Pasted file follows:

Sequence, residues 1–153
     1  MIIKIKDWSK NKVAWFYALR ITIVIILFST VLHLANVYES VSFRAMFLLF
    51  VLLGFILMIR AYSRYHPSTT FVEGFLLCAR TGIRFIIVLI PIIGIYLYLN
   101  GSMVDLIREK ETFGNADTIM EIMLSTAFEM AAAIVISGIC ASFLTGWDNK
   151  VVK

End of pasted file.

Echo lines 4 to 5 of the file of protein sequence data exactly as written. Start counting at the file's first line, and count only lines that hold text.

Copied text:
   101  GSMVDLIREK ETFGNADTIM EIMLSTAFEM AAAIVISGIC ASFLTGWDNK
   151  VVK